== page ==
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# Pi Day gives kids a lot to play with

At the 20th annual Pi Day at San Francisco's Exploratorium, kids had all kinds of ways to celebrate math's most popular irrational number.

Daniel Terdiman Former Senior Writer / News
Daniel Terdiman is a senior writer at CNET News covering Twitter, Net culture, and everything in between.
Daniel Terdiman

SAN FRANCISCO--If ever a mathematician could be excited about a date, today would be it.

That's because it's Pi Day, March 14, or, for you Americans, 3/14. And since pi--the ratio of a circle's circumference to its diameter--is casually said to be 3.14159, today's the big day.

That's why I spent a big part of my day at the Exploratorium here for the science museum's 20th annual Pi Day celebration.

The brainchild of longtime Exploratorium employee Larry Shaw, the day's festivities celebrated the popular irrational number with a series of pi-related activities and events, mainly aimed at kids, and even one very small special guest.

Among the items on the agenda Friday was an "ask a scientist's Pi Day puzzle" session, a Pi procession, a "why Pi" lecture, and a demonstration by a world-champion pizza tosser.

So I thought I'd start my day at the Exploratorium by asking Shaw, a longtime Exploratorium employee and the originator of Pi Day in 1988, why pi means so much to so many people.

"It's how to get from one dimension to another," said Shaw, referring to the fact that the formula for determining pi involves both a two-dimensional object, a circle's circumference, and one with only one dimension, the circle's diameter.

He added that pi means a lot to so many because of its metaphysical properties. It's irrational, he said, and transcendental, and while there's a procedure for how to calculate it, it's also infinite.

"You can find the next number," Shaw added, "but you can't predict it."

Later, I asked Paul Doherty, the Exploratorium's senior scientist, why he thought pi is so exciting to so many people.

"There are people in the world who are interested in rock and roll and who are interested in sports," Doherty said. "We're just interested in mathematics, and we want to provide really good, interesting information for those people who have a deep interest in mathematics...and for those who don't know they might."

Doherty said pi is "this amazingly simple-to-define thing that produces a number that's just never ending, and this idea that something so simple can generate a number that's never ending is just amazing."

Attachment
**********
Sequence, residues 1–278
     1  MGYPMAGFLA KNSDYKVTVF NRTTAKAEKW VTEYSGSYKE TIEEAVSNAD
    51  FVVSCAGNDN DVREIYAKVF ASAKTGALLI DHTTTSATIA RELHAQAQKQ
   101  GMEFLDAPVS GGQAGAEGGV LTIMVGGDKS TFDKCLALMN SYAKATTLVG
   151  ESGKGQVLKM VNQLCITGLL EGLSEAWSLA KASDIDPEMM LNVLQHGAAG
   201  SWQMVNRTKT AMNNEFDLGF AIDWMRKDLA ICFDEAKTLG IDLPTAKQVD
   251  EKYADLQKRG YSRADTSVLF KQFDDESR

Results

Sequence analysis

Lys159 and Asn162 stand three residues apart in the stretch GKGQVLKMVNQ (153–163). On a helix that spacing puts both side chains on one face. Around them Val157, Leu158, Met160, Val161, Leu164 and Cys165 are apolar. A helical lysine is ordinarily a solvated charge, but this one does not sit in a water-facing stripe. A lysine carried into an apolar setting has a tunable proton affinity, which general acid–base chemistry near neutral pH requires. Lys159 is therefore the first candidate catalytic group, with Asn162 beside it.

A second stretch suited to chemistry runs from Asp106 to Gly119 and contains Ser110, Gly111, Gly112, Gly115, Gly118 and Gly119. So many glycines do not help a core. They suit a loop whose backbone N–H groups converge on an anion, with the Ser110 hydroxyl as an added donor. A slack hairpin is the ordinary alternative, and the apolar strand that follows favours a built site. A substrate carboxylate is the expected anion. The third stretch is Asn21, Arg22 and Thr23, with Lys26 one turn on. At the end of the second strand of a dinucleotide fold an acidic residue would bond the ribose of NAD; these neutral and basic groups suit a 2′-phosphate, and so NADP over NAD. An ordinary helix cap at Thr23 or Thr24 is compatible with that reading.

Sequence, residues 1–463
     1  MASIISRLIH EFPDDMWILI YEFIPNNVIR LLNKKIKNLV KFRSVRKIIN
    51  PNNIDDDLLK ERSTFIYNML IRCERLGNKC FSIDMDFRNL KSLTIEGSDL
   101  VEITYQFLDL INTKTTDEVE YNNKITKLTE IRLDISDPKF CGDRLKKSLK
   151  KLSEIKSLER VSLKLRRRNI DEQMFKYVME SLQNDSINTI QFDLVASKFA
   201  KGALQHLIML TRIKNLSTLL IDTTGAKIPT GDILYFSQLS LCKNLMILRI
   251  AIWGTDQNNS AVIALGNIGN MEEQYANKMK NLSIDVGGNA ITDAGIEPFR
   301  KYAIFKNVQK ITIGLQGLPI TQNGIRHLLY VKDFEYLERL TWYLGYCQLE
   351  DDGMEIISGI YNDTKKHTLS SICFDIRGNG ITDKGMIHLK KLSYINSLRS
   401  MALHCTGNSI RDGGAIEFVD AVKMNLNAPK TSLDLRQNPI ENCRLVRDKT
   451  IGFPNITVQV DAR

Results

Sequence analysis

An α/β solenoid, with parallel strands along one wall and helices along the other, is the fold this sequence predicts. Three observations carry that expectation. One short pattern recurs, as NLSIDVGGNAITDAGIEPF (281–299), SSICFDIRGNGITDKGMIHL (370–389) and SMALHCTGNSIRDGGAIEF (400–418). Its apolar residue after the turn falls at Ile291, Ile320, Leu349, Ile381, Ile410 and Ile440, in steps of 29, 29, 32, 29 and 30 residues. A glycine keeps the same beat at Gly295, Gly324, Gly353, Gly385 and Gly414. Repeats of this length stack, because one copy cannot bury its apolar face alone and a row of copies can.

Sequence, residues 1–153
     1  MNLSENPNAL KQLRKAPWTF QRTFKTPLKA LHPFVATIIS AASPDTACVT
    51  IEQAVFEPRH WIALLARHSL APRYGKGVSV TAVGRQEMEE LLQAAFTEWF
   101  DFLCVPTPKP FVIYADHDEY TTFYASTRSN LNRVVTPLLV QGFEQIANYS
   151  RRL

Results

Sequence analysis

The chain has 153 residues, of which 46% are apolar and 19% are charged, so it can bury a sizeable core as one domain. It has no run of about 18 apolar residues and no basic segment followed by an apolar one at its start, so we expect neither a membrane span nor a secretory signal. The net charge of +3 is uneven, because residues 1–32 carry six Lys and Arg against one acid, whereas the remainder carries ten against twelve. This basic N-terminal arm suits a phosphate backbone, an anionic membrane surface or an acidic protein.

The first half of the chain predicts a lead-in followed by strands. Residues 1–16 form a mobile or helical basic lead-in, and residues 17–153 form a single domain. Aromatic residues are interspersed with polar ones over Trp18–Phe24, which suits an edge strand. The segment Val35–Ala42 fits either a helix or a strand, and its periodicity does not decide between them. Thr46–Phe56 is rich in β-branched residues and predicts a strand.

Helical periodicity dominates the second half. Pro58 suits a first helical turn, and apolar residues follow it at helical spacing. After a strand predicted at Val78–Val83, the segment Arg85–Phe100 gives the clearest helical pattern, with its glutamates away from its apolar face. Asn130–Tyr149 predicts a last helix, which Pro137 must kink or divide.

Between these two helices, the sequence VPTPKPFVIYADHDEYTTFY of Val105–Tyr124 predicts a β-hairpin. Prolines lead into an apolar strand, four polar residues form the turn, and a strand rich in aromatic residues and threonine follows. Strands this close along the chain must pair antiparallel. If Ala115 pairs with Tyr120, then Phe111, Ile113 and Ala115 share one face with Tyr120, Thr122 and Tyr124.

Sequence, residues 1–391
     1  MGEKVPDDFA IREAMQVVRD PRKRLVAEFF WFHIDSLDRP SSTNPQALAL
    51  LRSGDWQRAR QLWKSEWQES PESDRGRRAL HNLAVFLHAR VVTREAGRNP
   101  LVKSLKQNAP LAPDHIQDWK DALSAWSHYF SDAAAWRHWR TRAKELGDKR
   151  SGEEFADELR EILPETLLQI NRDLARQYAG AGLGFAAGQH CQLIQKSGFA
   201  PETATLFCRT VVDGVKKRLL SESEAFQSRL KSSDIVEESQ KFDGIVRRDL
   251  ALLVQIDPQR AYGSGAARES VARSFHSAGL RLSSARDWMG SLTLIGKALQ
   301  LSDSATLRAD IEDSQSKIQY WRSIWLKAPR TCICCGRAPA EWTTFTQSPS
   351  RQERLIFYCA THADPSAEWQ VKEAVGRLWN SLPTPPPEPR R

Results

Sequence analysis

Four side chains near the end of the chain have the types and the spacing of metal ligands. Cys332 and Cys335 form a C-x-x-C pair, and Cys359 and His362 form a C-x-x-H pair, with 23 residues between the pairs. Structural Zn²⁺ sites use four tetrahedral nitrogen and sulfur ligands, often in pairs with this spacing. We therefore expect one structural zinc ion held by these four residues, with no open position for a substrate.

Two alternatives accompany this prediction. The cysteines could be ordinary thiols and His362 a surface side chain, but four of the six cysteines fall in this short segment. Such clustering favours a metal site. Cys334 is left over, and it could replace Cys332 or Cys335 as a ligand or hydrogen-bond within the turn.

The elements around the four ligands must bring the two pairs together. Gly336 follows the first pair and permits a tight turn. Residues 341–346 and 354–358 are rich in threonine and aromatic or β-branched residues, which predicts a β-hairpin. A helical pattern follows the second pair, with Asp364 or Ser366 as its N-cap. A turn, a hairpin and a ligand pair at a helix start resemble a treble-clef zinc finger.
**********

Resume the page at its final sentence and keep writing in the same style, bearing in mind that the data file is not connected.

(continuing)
In part, pi's popularity has to do with its randomness, Doherty said. He pointed to other infinite numbers, like one-third or the square root of 2. But he argued those numbers are boring.

"With pi," he said, "it not only never ends, but it never repeats."

Of course, in some places, pi actually does repeat. Doherty pointed out that somewhere, hidden in the first 2 billion digits of pi, there's eight eights in a row, as well as a sequence of 1, 2, 3, 4, 5, 6, 7, 8, and 9.

But, he pointed out, those are just pure coincidences, a function of the probability of getting any kind of sequence of numbers in a string currently over a trillion digits long.

And speaking of strings, the term means different things to Shaw. Among the attractions he offered Friday was the "Pi string," a long string of colored beads that represents the first 4,000-plus digits of pi.

Over the years of doing Pi Days, Shaw has had participants add more beads to the string, and on Friday, he had set up 10 cups with beads for people to add to the string based on a print-out of thousands and thousands of digits. Each cup contained a single color bead and each color represented a single digit.

One year, he said, someone put one of the wrong colored beads on, but he was able to fix the string before anyone else noticed.

As to how anyone would have the attention to detail to notice something like that, well, that's another matter. But for people like Shaw--and mathematicians in general--it's precisely this detail that matters when dealing with something as both exact and inexact as pi.

One Pi Day attendee who may not yet appreciate the significance of the number is Pi Barker, the son of Chad and Robyn Barker.

The two named their new son--he was born December 6, 2007--Pi because of what they saw as the metaphysical meanings associated with the number.

"Since pi is an infinite decimal," said Robyn Barker, "it's a gift for us to give him. So wherever he is, it's a reminder of his infinite possibilities."

Pi's father, Chad, who is a manager in Google's strategic partnerships group, added that he and his wife appreciated giving their son a name that calls to mind the circular nature of life as well as the never-ending nature of life.

As to whether their families and friends appreciate the name Pi, that may still be to be determined. Especially when little Pi makes it to school and has to contend with the inevitable cruel nature of little children.